Some that we see routinely in popular food items are carboxymethyl cellulose and polysorbate-80. These are derivatives in a variety of dairy products. Interestingly, they decelerate the melting of ice cream. That may be good for your kids eating an ice cream cone in the backseat in the summer, but not so good potentially for the intestine.
The same is true as it relates to maltodextrin, which is a very common thickener and sweetener, but again decreases the mucosal layer thickness and increases gut permeability.
Carrageenan, which is made from red seaweed, is added to increase texture, primarily in dairy products and sauces. It also decreases gut integrity and permeability changes and antigenic translocation.
Another common food additive is high-fructose corn syrup, something we're seeing more and more data about. Its use in sugary beverages was once implied to have, and now clearly is associated with, an increased risk for nonalcoholic fatty liver disease, early colon cancer, and a variety of other cancer pathways. Recent animal model data have shown mechanistically how it contributes to colon cancer. It was also most recently associated with liver cancer in postmenopausal women ingesting one sugary beverage a day.
Almost all sugary beverages have shifted from using cane sugar to high-fructose corn syrup because it's cheaper and sweeter. Interestingly, as data have become more onerous regarding its disease associations, in 2012 the corn industry went to the US Food and Drug Administration and petitioned to change the name from high-fructose corn syrup to corn sugar. That term sounds a lot easier and maybe even sweeter when it comes to possible health implications, but the FDA said no.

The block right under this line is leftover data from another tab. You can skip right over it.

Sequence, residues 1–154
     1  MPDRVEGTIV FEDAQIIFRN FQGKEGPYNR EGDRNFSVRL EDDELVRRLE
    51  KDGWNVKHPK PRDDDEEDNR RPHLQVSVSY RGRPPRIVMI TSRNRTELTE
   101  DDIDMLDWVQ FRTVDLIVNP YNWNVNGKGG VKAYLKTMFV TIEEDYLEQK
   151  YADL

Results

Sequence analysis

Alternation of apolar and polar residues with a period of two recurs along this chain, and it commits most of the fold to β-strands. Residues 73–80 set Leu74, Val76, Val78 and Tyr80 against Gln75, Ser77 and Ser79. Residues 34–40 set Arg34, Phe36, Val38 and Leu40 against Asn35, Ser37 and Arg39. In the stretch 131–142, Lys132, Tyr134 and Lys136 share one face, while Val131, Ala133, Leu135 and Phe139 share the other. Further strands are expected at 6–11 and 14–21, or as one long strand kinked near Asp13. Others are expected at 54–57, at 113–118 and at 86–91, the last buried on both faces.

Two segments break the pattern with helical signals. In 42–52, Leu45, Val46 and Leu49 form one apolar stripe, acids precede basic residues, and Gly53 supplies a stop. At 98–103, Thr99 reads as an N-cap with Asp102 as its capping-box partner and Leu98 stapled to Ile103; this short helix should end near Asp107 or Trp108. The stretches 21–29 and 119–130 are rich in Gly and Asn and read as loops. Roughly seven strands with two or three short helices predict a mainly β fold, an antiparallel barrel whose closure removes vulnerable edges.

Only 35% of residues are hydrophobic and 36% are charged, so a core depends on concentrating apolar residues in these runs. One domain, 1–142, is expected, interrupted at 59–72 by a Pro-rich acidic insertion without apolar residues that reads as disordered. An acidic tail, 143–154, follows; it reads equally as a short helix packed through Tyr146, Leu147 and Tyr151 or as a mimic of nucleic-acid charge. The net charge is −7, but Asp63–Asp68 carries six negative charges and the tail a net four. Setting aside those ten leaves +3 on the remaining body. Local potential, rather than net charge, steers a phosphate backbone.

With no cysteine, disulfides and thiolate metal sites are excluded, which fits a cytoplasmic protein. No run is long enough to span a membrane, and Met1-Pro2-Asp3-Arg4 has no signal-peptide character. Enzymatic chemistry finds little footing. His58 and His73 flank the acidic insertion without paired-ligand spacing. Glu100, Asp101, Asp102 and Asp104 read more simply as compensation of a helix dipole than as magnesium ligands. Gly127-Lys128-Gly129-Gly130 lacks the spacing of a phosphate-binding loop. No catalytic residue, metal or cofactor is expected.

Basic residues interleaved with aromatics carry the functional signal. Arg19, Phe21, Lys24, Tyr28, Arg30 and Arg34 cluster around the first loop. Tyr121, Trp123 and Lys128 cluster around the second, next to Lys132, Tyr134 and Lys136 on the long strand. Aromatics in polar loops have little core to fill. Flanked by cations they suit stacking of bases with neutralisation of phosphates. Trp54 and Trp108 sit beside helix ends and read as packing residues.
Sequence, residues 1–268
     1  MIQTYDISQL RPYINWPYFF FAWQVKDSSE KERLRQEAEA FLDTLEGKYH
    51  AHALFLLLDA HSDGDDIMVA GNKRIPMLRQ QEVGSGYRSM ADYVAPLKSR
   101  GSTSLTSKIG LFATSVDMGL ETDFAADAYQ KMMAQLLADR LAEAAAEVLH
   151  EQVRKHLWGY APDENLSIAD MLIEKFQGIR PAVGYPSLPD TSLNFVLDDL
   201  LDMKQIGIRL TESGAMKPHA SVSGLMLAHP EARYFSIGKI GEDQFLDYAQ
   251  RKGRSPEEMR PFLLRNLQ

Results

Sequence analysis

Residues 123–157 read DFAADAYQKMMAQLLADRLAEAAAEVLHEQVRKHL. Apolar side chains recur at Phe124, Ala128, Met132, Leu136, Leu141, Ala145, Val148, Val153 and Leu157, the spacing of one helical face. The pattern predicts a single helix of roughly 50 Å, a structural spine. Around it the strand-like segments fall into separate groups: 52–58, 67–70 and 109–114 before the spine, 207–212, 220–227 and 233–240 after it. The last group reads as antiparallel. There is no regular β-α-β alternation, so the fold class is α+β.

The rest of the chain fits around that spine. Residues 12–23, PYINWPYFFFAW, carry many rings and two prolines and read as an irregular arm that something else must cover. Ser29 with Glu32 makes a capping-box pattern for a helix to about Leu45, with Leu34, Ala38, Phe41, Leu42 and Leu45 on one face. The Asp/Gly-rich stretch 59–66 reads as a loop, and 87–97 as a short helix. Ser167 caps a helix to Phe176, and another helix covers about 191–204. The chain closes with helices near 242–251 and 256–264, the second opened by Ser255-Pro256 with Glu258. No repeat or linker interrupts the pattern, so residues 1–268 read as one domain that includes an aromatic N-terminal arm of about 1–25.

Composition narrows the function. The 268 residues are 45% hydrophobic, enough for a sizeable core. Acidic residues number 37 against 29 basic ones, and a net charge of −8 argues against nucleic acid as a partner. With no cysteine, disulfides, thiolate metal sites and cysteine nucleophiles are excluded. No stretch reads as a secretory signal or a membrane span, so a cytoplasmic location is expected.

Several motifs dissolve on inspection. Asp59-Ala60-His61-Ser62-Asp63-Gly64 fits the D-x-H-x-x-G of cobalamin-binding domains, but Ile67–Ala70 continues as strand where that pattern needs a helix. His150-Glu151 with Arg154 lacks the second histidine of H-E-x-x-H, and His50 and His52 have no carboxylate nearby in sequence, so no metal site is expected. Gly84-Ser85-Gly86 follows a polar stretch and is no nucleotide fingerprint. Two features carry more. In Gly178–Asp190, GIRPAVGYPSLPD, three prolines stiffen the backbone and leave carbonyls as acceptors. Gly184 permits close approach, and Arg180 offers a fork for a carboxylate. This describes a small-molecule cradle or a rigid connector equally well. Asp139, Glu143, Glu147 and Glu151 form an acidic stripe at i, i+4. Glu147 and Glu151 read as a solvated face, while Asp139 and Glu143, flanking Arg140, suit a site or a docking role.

Since then, the widespread use of high-fructose corn syrup has been described as a food public health crisis. High-fructose corn syrup is something that is very easy to avoid when you talk about sugary beverages.
When it comes to artificial sweeteners, the top three that have been studied to date are aspartame, saccharin, and sucralose (Splenda). They are not absorbed but rather are fermentable sugars that get to the gut and change the gut microbiome. In animal models, they have been shown to promote obesity and diabetes, which is very much paradoxical to what their advertised intent is. Again, this has only been studied for these three agents, and we also don't have data in lower-threshold exposures.
I think it's common sense to minimize the use of these things and instead ask patients to use natural sugars, consume water, and incorporate other strategies; that's what I discuss with my own patients.
Advising Our Patients
We can go the wrong way and make our patients too rigid about reading nutritional labels. I want to caution you about emerging food restrictive disorders that very much can become an eating disorder. So we don't want to go the opposite way.
I tell my patients to be a good, conscientious thinker, look at your food, minimize the processed foods, and build your meals. The Western diet needs to go. The more we can use the Mediterranean diet, the better off we are. You can still have your occasional cheeseburger and French fries but use common sense.
The Mediterranean diet really is simple. I routinely recommend this to my patients with inflammatory bowel disease, obesity, nonalcoholic fatty liver disease, along with other inflammatory disease conditions. But I do think we can make this a general recommendation across all patients in our attempt to promote health and thereby prevent disease.
I hope this has been helpful.
I'm Dr David Johnson. Thanks for listening.
David A. Johnson, MD, a regular contributor to Medscape, is professor of medicine and chief of gastroenterology at Eastern Virginia Medical School in Norfolk, Virginia, and a past president of the American College of Gastroenterology. His primary focus is the clinical practice of gastroenterology. He has published extensively in the internal medicine/gastroenterology literature, with principal research interests in esophageal and colon disease, and more recently in sleep and microbiome effects on gastrointestinal health and disease.
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Cite this: David A. Johnson. Forget Fad Diets, Here's the One You Need - Medscape - Jul 22, 2022.